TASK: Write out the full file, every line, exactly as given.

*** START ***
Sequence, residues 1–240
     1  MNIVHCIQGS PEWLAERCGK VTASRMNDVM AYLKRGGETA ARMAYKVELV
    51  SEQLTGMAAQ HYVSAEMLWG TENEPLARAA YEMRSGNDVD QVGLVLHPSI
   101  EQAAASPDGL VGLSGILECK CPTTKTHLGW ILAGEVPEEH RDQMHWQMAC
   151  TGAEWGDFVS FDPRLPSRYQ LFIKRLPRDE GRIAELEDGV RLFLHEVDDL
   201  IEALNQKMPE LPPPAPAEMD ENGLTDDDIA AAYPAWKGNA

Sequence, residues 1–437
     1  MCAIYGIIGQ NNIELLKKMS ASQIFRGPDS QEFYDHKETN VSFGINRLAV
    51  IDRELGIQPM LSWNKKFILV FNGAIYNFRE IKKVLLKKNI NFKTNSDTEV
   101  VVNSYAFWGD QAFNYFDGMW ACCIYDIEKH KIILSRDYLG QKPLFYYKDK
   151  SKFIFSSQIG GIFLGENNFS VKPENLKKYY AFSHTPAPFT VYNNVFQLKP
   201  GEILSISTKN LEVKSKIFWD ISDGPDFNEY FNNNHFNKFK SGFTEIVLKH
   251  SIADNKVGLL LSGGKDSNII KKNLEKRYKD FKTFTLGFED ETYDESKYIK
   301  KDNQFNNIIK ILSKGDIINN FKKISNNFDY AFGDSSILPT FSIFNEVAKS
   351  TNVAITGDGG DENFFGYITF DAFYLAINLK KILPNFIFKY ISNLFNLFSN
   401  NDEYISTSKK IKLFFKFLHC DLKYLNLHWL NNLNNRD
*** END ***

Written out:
Sequence, residues 1–240
     1  MNIVHCIQGS PEWLAERCGK VTASRMNDVM AYLKRGGETA ARMAYKVELV
    51  SEQLTGMAAQ HYVSAEMLWG TENEPLARAA YEMRSGNDVD QVGLVLHPSI
   101  EQAAASPDGL VGLSGILECK CPTTKTHLGW ILAGEVPEEH RDQMHWQMAC
   151  TGAEWGDFVS FDPRLPSRYQ LFIKRLPRDE GRIAELEDGV RLFLHEVDDL
   201  IEALNQKMPE LPPPAPAEMD ENGLTDDDIA AAYPAWKGNA

Sequence, residues 1–437
     1  MCAIYGIIGQ NNIELLKKMS ASQIFRGPDS QEFYDHKETN VSFGINRLAV
    51  IDRELGIQPM LSWNKKFILV FNGAIYNFRE IKKVLLKKNI NFKTNSDTEV
   101  VVNSYAFWGD QAFNYFDGMW ACCIYDIEKH KIILSRDYLG QKPLFYYKDK
   151  SKFIFSSQIG GIFLGENNFS VKPENLKKYY AFSHTPAPFT VYNNVFQLKP
   201  GEILSISTKN LEVKSKIFWD ISDGPDFNEY FNNNHFNKFK SGFTEIVLKH
   251  SIADNKVGLL LSGGKDSNII KKNLEKRYKD FKTFTLGFED ETYDESKYIK
   301  KDNQFNNIIK ILSKGDIINN FKKISNNFDY AFGDSSILPT FSIFNEVAKS
   351  TNVAITGDGG DENFFGYITF DAFYLAINLK KILPNFIFKY ISNLFNLFSN
   401  NDEYISTSKK IKLFFKFLHC DLKYLNLHWL NNLNNRD